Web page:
This year I was very fortunate to attend and speak at Aginext 2019 in London.
My talk was especially focused on how the Product Teams at OutSystems is adopting Modern Product Management where the teams are starting to work in Dual Track Agile with concurrent discovery and delivery tracks (highly inspired in Lean Startup or Product Discovery techniques). Two different mindsets for our learning journey.
But this post is not about my talk. Instead, I want to highlight my main takeaways from:
- All the talks I attended. Unfortunately I could not attend all the talks I wanted, but will have a look at them once they become available)
- All the conversations I got in the coffee breaks.
Leadership = Coaching
Evermore I observe a distinction between Leaders and Managers. Leaders need to know the topic they are leading otherwise they are Managers that simply unblock problems and facilitate things to happen under a very short vision.
There is the saying to put the best person in the right place for a good reason. So it can exist a virtuous cycle where the leader sets a vision and guides, balancing it with the autonomy the follower needs to grow. People follow the vision and not the person.
No surprise the best leaders are the best coaches too.
Everyone can be a Leader and everyone can be a Coach under his bubble of action. The difference relies in the sizes and importance of these bubbles.
Coaching is Applied Psychology by Linda Marshall was over the humanization in the bonds that exist in the organizations. How stress decreases creativity, how deep listening is underrated and the value to let people get the solutions by themselves. And many others topics that I recommend anyone to have a look.
Did we leave Leaders Behind? By Tomasz Kropiewnicki where he goes deep on what means coaching in Agile organization. That leaders need to go first, coaching is not a training session and that we should aim for mindset regardless the practices. I personally liked the emphasis he gave for the coaching of coaches.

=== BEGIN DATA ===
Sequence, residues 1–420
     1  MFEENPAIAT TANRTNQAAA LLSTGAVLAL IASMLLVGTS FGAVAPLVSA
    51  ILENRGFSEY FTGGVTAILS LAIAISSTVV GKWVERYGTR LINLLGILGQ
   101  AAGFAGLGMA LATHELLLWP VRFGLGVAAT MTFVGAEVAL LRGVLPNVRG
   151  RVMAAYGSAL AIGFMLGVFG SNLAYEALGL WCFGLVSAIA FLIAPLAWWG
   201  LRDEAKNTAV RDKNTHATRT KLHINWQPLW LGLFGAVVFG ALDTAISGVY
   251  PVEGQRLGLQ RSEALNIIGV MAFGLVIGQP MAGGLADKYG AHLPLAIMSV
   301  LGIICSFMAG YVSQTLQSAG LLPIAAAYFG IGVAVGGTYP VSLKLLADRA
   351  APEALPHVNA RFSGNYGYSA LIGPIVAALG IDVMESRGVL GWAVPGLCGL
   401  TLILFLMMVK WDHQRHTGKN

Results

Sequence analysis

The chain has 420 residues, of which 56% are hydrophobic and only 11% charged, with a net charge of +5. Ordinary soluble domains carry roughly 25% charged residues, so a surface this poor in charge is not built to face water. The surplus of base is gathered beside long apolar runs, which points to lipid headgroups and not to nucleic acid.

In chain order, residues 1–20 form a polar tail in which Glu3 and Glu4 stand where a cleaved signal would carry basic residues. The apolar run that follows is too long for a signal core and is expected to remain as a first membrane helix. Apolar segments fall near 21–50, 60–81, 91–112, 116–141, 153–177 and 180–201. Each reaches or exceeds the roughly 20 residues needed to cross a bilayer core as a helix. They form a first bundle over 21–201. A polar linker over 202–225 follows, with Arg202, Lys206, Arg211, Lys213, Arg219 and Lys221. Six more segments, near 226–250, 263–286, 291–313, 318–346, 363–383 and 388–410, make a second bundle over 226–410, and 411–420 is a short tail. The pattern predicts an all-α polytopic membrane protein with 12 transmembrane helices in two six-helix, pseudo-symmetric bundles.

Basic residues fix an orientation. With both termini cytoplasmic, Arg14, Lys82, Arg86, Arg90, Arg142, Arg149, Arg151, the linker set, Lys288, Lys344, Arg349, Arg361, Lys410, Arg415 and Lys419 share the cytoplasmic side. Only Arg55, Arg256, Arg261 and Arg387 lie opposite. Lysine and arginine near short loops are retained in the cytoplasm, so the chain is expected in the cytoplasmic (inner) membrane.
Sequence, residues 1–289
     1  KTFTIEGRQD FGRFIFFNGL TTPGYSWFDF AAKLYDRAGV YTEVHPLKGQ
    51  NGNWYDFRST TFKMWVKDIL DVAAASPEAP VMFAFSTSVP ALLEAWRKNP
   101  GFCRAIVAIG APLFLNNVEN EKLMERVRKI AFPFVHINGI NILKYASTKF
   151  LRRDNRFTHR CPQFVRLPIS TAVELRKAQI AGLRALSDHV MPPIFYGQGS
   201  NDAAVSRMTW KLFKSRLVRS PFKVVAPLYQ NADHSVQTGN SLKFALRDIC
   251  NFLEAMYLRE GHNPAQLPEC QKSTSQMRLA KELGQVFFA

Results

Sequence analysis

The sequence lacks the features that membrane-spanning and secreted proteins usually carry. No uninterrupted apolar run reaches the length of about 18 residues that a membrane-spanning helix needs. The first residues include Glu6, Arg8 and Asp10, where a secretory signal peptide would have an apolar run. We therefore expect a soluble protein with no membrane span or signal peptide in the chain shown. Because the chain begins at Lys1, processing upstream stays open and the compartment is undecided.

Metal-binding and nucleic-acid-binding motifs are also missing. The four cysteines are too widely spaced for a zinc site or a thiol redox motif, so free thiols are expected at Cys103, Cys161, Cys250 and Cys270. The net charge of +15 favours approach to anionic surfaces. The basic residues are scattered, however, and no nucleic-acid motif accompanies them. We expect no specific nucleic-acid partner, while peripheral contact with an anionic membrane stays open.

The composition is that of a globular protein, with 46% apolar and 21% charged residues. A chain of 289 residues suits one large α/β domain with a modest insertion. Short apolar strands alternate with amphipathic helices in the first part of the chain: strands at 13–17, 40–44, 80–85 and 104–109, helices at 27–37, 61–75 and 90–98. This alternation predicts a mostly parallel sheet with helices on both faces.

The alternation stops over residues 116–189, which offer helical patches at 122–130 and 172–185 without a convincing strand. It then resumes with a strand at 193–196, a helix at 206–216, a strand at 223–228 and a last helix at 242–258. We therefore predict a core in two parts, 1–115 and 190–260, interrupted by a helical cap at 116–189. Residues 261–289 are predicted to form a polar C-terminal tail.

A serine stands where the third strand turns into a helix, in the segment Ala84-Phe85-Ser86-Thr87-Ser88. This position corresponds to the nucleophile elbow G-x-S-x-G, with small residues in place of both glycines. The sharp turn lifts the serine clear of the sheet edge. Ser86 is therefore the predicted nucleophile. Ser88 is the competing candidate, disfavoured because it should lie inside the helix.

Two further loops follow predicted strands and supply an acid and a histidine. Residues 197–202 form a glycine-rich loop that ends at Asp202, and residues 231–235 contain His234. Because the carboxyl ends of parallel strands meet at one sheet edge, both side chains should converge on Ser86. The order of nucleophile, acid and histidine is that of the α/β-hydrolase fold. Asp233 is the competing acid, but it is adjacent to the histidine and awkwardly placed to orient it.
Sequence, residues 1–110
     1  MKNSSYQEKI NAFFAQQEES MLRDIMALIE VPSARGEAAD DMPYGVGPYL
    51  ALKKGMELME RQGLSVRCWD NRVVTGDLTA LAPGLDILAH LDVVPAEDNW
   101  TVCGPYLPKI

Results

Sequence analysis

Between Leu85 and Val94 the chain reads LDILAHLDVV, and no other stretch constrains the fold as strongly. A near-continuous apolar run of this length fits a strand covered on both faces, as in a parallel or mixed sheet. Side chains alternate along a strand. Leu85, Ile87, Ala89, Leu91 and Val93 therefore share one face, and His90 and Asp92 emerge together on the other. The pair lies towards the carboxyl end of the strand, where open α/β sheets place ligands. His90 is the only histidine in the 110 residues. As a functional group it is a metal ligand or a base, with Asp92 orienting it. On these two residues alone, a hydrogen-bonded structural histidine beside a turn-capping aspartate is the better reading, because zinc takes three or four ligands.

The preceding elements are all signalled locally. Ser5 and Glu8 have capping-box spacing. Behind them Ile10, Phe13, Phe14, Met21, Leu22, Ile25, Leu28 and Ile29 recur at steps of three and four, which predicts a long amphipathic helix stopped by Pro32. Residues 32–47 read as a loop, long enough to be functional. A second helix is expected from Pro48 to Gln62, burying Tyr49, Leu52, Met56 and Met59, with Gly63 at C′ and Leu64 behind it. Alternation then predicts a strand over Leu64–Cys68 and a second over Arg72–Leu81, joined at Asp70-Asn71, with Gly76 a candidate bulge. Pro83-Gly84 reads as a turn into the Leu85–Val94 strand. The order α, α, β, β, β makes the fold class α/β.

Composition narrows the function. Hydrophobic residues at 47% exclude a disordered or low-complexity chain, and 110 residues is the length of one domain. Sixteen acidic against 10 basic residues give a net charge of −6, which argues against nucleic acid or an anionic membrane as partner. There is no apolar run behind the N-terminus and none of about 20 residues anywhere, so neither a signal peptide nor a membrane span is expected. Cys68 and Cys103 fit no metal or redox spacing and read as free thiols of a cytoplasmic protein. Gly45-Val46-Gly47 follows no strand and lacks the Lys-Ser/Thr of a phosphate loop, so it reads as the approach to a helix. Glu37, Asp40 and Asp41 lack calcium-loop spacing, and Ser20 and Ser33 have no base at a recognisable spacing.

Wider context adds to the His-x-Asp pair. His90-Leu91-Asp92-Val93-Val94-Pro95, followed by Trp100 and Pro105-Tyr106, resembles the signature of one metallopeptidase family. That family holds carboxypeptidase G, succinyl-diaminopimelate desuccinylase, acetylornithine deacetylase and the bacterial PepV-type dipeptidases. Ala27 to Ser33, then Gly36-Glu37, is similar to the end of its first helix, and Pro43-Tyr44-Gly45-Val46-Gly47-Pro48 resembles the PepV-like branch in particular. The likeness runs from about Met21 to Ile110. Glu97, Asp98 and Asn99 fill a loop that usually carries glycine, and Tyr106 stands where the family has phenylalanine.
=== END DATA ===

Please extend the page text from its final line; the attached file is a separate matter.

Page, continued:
Business Agility is the new wall
Many talks have covered the new buzz word called Business Agility.
I think Andrea Provaglio has nailed it quite well. The first wave was around the setting of new principles and values for a new way of developing software. This was in around the ‘80s and ‘00s.
The second wave of Agile was about scaling the production beyond a single team (we are still on this wave)
The third wave, which has just started and is going beyond the IT realm, finally realized that for true Agility we need two things: 1) to be adopted, in context specific- ways, throughout the entire organization and 2) it includes the way the organization interacts with its market and environment.
Many people started to call it Business Agility.
Without this close and honest collaboration with the Business, many organizations are running in many pitfalls such as: delivering a two years roadmap that was already promised to the market; hard to discard ideas that were committed; marketing and C-Level is onboarded only in the final leg of the development cycle;
Business Agility means others organization functions such as Marketing, Operations, Governance need to also be aligned with the same principles and values. Where Business and IT should be working as one as changing planning and respond to change will be the standard and something desirable to happen.
Business Agility means the teams know how to speak the Business Language where the Outcomes metric play an important figure in the discovery through an hypothesis-driven approach.
The Chameleon Effect: Business Agility and Adaptability Lessons by Stephen Parry where he talks about how to create a Work Climate for success (the representation is eyes-open), how to turn an agile workplace into business agility and adaptation.